San Francisco, CA – The state’s stem cell agency, the California Institute for Regenerative Medicine (CIRM), is committing up to $30 million to a Strategic Partnership Awards Initiative to attract industry engagement and investment in CIRM-funded stem cell research.
Alan Trounson, President of CIRM, says “this initiative is a major new development in the progress towards providing new medical treatments for patients by engaging the most effective global industry partners.”
The goal of the initiative is to attract major biotech, venture capital or pharmaceutical company leverage for advances in Californian research to enable companies to achieve, in 4 years or less, the completion of early phase clinical trials in patients. The objective is to enhance the most promising therapies for patients evolving from stem cell discoveries and move them closer to approval by the Food and Drug Administration (FDA).
“The Strategic Partnership Funding Program represents a new era for CIRM, one that is increasingly focused on moving therapies from the lab to the clinic, while still recognizing the importance of maintaining investments in early stage science,” says Elona Baum, General Counsel and Vice President of Business Development at CIRM. “This new initiative provides a vehicle for attracting industry funding and expertise, which are essential for bringing CIRM-funded research to patients.”
"This initiative reflects the progress that is being made in stem cell research,” says Duane Roth, Vice Chair of the governing board of CIRM. “In the early days of CIRM it was important to focus our attention on basic science. That is paying off and now we are a lot closer to having promising therapies ready for clinical trials, so it makes sense that we step up our engagement with industry to help fund those trials and move those therapies closer to approval by the FDA."
Under the initiative CIRM plans to issue 3 or more awards of up to $10 million each. The successful applicants will have to match those funds, either dollar for dollar, or by providing in-kind services such as manufacturing and product development.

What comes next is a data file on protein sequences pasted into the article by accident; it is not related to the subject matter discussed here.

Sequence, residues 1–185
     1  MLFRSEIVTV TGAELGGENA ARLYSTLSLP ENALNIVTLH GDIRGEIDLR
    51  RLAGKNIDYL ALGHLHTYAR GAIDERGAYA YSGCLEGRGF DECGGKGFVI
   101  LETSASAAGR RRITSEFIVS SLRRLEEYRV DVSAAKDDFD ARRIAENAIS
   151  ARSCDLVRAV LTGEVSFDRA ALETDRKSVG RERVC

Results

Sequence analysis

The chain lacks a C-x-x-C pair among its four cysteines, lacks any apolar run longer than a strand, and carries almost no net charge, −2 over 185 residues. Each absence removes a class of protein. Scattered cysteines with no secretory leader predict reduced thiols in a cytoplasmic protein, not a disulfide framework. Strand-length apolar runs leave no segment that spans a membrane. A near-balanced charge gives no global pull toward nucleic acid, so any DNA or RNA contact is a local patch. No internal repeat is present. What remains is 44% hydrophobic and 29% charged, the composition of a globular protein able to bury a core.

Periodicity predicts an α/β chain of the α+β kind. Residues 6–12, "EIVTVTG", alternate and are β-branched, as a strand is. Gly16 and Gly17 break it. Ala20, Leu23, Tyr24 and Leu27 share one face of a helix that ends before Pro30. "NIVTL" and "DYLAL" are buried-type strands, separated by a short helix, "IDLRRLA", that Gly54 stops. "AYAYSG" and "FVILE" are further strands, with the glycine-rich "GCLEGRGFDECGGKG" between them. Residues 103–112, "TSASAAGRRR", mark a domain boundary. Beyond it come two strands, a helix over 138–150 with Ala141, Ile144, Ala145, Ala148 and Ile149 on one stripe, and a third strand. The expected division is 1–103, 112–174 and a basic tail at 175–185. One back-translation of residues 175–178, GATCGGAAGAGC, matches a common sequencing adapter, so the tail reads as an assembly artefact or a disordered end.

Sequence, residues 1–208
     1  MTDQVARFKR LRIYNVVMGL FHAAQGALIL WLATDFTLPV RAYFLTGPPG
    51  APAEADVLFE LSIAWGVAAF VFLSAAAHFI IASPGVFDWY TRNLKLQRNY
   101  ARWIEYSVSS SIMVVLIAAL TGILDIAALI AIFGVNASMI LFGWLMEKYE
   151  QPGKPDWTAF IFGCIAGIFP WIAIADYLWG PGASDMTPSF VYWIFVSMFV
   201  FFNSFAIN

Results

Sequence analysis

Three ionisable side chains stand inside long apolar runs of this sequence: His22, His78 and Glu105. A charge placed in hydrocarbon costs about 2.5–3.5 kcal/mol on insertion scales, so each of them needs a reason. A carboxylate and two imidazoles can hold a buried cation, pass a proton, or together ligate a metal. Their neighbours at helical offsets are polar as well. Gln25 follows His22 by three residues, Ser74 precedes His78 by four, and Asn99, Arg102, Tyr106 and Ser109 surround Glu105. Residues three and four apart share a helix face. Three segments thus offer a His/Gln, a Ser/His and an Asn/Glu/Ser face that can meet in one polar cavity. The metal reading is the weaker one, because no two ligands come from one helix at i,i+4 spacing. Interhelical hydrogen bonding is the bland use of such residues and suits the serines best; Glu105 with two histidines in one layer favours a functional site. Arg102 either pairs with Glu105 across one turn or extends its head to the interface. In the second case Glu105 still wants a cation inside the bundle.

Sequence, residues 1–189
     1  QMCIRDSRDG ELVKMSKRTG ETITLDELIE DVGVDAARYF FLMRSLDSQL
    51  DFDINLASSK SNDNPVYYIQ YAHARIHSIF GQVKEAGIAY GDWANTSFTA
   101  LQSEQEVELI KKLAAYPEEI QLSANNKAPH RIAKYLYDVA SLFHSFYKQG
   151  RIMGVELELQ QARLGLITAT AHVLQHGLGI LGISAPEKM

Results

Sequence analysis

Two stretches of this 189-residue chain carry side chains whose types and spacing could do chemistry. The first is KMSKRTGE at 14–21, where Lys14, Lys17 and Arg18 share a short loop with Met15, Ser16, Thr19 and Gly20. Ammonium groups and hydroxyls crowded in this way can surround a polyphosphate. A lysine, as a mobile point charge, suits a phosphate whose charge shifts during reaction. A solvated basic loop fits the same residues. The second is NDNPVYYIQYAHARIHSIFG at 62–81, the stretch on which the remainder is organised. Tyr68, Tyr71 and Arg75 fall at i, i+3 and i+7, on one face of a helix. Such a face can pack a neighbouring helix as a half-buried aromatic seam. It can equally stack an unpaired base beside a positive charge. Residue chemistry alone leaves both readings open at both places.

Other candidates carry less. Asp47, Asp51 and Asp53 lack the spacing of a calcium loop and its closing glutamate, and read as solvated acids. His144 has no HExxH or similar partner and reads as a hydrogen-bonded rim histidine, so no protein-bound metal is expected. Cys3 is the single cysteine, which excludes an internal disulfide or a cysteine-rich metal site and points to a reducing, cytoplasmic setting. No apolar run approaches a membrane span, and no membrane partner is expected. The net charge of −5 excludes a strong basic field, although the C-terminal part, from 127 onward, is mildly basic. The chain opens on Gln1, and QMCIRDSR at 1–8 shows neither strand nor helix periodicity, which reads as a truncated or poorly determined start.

In addition to demonstrating that their proposed project will result in a completed clinical trial within four years, applicants must also establish evidence of commercial validation in order to be eligible. That means they must either be financially strong enough to move the project through development or be able to attract a partner to help them do that.
“We believe that there are a number of promising candidate stem cell therapies in the research pipeline that are ready for clinical trials,” says Ingrid Caras, a Science Officer at CIRM. “However, trials can be expensive. This Strategic Partnership Awards initiative helps smooth out the path to clinical trials by spreading the cost between CIRM and pharmaceutical or biotech companies.”
More information on the initiative can be found here: http://www.cirm.ca.gov/RFA/rfa-12-05-cirm-strategic-partnership-i-awards
About CIRM: CIRM was established in November 2004 with the passage of Proposition 71, the California Stem Cell Research and Cures Act. The statewide ballot measure, which provided $3 billion in funding for stem cell research at California universities and research institutions, was overwhelmingly approved by voters, and called for the establishment of an entity to make grants and provide loans for stem cell research, research facilities, and other vital research opportunities. A list of grants and loans awarded to date may be seen here: http://www.cirm.ca.gov/for-researchers/researchfunding.